A Fire in a Cane Field Caused a Seven-Hour Blackout in the Middle of Cuba

The reconnection of the National Electricity System came around 9 p.m., but total reestablishment was not planned until 11 pm. (@OSDE_UNE)

14ymedio bigger14ymedio, Madrid, 14 February 2023 — A fire in a cane field was the cause of the disconnection of the National Electricity System (SEN) that affected half of Cuba this Monday from the center to the east of the Island. The disconnection, from Ciego de Ávila to Guantánamo, occurred around 2 in the afternoon and lasted until 9 pm.

“When they burn the cane field, the air ionizes and can cause failures between the phases of the transmission lines. When the two lines left the system, the power transfer between the western-central-eastern area was cut off and caused the failure of the system from Ciego de Ávila to Guantánamo,” said a note from the Cuban Electrical Union (UNE).

The failure began to be noticed on a 220 KW line that links Sancti Spíritus and Vicente through two substations that left the network. Yoanni Acosta, director of the Electric Base Organization in the province, told the official newspaper Escambray that around 5 pm the damaged part of the system could be reconnected when the transfer from the western to the eastern part of the Island began to be restored.

The electricity company indicated that, due to the generation deficit at peak hours, “the province had 20 megawatts open,” which caused breakdowns in several circuits that remained until 8 pm. “As long as the generating plants in the east are incorporated, the impact will also progressively decrease in all the localities of those territories,” Acosta added.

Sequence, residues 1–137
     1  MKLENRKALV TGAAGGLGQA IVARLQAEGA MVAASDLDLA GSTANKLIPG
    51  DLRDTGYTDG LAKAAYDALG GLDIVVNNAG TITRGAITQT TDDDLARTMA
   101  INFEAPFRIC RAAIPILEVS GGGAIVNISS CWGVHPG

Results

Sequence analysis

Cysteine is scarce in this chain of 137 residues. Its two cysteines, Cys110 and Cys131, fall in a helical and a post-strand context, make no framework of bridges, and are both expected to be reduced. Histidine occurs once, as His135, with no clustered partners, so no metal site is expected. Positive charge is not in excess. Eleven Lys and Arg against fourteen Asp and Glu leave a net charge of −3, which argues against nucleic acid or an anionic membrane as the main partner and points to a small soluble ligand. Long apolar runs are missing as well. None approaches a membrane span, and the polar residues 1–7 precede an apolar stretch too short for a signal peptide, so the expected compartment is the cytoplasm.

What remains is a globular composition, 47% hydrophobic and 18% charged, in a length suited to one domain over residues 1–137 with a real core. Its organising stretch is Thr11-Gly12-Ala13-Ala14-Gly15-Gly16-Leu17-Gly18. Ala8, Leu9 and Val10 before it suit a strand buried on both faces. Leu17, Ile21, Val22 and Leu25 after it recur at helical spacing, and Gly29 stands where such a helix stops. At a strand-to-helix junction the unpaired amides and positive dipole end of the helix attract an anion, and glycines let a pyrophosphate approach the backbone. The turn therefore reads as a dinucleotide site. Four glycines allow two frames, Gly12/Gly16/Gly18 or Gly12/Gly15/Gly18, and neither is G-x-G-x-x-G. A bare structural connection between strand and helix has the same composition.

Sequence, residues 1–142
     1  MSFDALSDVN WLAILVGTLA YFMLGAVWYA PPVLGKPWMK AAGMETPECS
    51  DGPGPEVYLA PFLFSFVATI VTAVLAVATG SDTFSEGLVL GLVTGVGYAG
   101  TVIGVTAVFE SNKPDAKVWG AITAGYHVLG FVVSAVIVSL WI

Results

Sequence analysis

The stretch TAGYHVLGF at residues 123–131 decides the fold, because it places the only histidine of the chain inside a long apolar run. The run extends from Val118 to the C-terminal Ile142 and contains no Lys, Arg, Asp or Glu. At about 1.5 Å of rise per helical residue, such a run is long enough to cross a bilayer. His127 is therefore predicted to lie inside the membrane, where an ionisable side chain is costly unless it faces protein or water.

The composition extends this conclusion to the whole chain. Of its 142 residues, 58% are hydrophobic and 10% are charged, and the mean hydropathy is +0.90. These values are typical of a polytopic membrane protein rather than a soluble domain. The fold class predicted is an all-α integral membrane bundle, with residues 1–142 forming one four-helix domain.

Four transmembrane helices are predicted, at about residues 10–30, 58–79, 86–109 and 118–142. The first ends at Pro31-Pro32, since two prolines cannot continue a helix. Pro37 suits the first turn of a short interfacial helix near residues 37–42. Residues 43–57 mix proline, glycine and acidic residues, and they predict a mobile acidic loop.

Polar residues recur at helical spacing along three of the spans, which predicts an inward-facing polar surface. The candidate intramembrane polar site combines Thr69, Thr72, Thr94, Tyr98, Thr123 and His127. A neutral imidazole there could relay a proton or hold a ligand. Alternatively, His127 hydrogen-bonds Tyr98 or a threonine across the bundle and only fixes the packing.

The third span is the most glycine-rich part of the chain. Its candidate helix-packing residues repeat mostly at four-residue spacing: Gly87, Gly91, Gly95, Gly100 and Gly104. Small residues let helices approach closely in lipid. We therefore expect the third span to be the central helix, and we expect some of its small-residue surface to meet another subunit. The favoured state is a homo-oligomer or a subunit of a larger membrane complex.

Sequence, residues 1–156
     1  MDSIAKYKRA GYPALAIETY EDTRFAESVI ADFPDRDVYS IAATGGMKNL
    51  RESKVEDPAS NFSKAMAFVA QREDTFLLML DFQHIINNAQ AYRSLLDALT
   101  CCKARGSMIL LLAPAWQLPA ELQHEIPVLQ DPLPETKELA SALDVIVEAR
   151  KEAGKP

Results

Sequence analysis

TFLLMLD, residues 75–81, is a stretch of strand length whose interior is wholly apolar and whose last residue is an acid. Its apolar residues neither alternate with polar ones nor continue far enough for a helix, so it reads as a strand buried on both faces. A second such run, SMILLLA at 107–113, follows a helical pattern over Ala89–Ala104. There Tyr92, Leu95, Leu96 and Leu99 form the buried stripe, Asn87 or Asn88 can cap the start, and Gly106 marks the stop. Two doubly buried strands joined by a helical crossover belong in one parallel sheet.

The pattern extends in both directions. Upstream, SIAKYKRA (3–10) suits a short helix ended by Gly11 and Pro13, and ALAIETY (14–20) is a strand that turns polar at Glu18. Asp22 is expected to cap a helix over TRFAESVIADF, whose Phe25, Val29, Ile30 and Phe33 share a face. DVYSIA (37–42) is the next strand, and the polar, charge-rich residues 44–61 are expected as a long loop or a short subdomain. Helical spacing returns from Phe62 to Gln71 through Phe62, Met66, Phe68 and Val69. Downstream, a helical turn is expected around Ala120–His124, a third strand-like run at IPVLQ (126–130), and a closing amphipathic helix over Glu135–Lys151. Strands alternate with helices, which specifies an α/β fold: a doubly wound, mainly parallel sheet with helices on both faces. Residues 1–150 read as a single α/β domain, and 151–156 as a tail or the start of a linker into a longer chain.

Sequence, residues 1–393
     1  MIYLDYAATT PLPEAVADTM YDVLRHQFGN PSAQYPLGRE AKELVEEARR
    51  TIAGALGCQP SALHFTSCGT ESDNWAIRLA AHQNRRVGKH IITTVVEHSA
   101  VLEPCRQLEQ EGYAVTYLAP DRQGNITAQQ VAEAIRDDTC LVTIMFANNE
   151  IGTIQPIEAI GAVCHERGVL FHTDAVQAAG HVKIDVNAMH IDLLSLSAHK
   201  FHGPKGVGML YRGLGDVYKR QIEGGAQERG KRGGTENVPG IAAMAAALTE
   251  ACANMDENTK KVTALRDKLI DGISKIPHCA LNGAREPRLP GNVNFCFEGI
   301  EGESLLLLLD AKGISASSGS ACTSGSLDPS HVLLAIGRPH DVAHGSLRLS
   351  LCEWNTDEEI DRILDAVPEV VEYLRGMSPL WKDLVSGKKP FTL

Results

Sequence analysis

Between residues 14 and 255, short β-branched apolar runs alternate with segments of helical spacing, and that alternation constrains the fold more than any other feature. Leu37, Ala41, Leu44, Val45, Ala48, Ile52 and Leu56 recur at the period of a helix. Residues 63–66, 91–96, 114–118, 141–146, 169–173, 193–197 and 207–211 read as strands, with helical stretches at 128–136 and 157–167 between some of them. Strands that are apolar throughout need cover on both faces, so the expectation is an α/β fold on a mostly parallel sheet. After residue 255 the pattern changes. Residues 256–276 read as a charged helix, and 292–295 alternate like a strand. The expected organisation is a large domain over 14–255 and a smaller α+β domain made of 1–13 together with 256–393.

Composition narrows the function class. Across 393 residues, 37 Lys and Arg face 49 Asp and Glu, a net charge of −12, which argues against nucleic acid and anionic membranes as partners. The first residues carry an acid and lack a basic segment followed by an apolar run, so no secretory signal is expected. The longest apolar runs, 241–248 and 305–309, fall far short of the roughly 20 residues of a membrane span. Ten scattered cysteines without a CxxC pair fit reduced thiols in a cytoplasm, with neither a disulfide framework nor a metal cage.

After the announcement of the reconnection, several people warned on social networks that the blackout continued for them, complaints corroborated by the words of Lázaro Guerra Hernández, technical director of the UNE, who told state television that the service would recover “gradually” and that the total restoration was estimated for 11 pm.

The official added that, in addition, 240 megawatts of the generating capacity were damaged. For this Monday, in fact, an estimated electricity deficit of at least 112 MW had already been planned, reaching 182 at peak hour.

Yesterday’s blackout is the largest since September 27, 2021, after the passage of Hurricane Ian, when the National Electricity System completely collapsed and the country was left in the dark for several hours. It was the culmination of a summer of cuts that exceeded 14 and 16 hours at times and provoked protests almost daily in many municipalities.

The failures in the thermoelectric power plants, which provide most of the electricity to the Island, have been constant these months due to the lack of maintenance and obsolescence of the plants, which mostly exceed their useful life.

With the arrival of cold fronts, the fall in demand last December provided relief to the situation, to which was added the arrival of two Turkish floating power plants and the recovery of some thermoelectric units. However, the authorities have already warned that from January and, especially February, some plants would return to maintenance in an “organized” way to be ready in May and ensure an adequate volume of electricity generation.

At the moment, Unit 1 of Felton and 4 and 6 of Renté are in that situation. But to this must be added the breakdowns in blocks 6 and 7 of Mariel, 1 and 2 of Santa Cruz del Norte, 4 and 5 of Nuevitas and 2 of Felton.

The arrival in February of an eighth Turkish power plant, much more powerful than the previous ones with its 240 MW capacity, has not been enough to put an end to the instability of the system.

Translated by Regina Anavy


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